Tom wanted to smile at the friendly, almost confidential look that passed between B'Elanna and the captain, but Janeway was already moving away, her hand now on his arm practically dragging him along behind her.  He barely had time to brush his fingers over B'Elanna's again before he was halfway to the doors.  Right before he was pulled through the doors he gave her an affectionate, frustrated smile, and she smiled back at him fondly, and reassuringly, in return.

He was in the corridor before he realized that B'Elanna and he hadn't had a chance to say a single word to each other.  He wanted to know what had happened to her in the Klingon afterlife, and if the experience had been worth the terror she'd put him, and maybe herself, through.  Though he suspected from her attitude when she woke that it had been-- for her, he still felt a little shaken.  He would have felt better if he could have stayed with her in Sickbay.

He didn't see her for the rest of the day.


That evening he walked in to candlelight.

He'd left the bridge just after 1900, silently cursing the random ion surges in the nebular gases they were passing through that had stressed helm control, and had kept him on the bridge for two hours after his shift had ended.  He'd rushed headlong down the corridors of Deck 4,
expecting to grab a quick change of clothes and immediately head over to B'Elanna's quarters.  He wanted to assure himself that she was completely recovered, and he'd intended to convince her that a private dinner on the holodeck would erase any lingering effects of her experience, for her, and for him.

He'd rushed into his quarters, lips parted, ready to order lights, and then stopped dead at the sight of the candles, everywhere.  There were candles on his computer desk, his bookshelf, his coffee table, and on every surface in his bedroom, if the soft, shadowed yellow light that shone through the open doorway was any indication.  The largest concentration, a dozen or so white tapers, were arranged on his small dining table, which was now covered with a white linen tablecloth.  The warm golden light that illuminated his quarters cast a soft luminous glow over B'Elanna's features where she sat at the table watching him silently, expectantly.

He walked slowly toward her, noticing belatedly the other items on the table, the bottle of wine, two fluted glasses that reflected the dancing candle flames on their clear crystal surface, and two silver-domed platters that no doubt covered dinner.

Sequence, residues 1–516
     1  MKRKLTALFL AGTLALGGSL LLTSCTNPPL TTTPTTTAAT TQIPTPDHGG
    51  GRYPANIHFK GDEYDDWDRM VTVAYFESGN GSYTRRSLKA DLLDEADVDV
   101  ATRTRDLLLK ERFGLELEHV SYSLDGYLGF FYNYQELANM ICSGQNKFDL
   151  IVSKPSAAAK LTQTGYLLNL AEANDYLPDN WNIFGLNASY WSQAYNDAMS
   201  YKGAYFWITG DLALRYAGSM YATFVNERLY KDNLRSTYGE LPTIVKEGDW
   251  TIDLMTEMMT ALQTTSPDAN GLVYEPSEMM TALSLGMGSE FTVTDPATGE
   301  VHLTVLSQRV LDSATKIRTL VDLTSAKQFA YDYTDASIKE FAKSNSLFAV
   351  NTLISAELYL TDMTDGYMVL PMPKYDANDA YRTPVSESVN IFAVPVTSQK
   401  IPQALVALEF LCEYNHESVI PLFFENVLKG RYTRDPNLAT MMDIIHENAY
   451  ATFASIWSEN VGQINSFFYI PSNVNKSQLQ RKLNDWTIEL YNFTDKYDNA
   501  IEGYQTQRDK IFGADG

He stopped next to the table, and looked down at her.  She was wearing the deep green dress with the slit up the thigh that he'd replicated for her on her birthday.  She smiled and made a small gesture with her hand, motioning for him to take the opposite seat.

He sat down.  "What's the occasion?" he asked softly.

"Does there have to be an occasion?" she asked in return.

There didn't have to be, there often wasn't for him, but B'Elanna was rarely this spontaneous.  He swallowed his surprise though, and just shook his head.  "No."  He looked at the table, still bemused.  "I was going to try and talk *you* into an intimate dinner on the holodeck..."

"You're always doing those kind of things for me, Tom," B'Elanna said.  "I decided it was my turn this time.  Well past my turn."

She sounded wry, almost apologetic, and Tom looked at her closely.  "You do things for me, B'Elanna."

"Like holodeck programs, intimate dinners, flowers and candles..."

"You have," he said.  She had, though maybe not often.  But he'd never minded being the one who planned and initiated most of their diversions, and who made the sentimental gestures.  He enjoyed that stuff.  He shrugged and grinned.  "You know me, always the incurable romantic."

Her lips curved upward just a little.  "And I haven't leached that out of you yet?" she asked lightly.

He thought he detected an almost rueful undertone to her words, and he stared at her.  What had gotten into her?  "No, B'Elanna, you haven't."

They were both silent for several moments.  Then B'Elanna nodded toward the wine and looked at him with raised eyebrows.

His lips quirked at her watchful, amused look.  He picked up the bottle and looked at the label.  "2292 Sterling Merlot," he murmured appreciatively.  She had already uncorked the bottle to allow the wine to breathe, so he poured a bit into his glass.  He swirled it, sniffed it, and took a small sip.  Then he looked at B'Elanna again, not surprised at the smile tugging at her lips.  "Excellent," he pronounced, and grinned back at her.  Though he'd never had much patience for the pretentious streak that seemed ingrained in some of his family's prestigious clan, a knowledge of and appreciation for good wine had somehow rubbed off on him, and B'Elanna never failed to find that amusing.

"I'm glad you approve," she said, her tone droll.

He poured some of the wine into her glass, and filled his glass.  Then he set the bottle back on the table and took a sip of his wine before he brought up the subject that was of primary interest to him at the moment.  "So, are you going to tell me what happened when you were on the barge to Gre'thor?" he asked.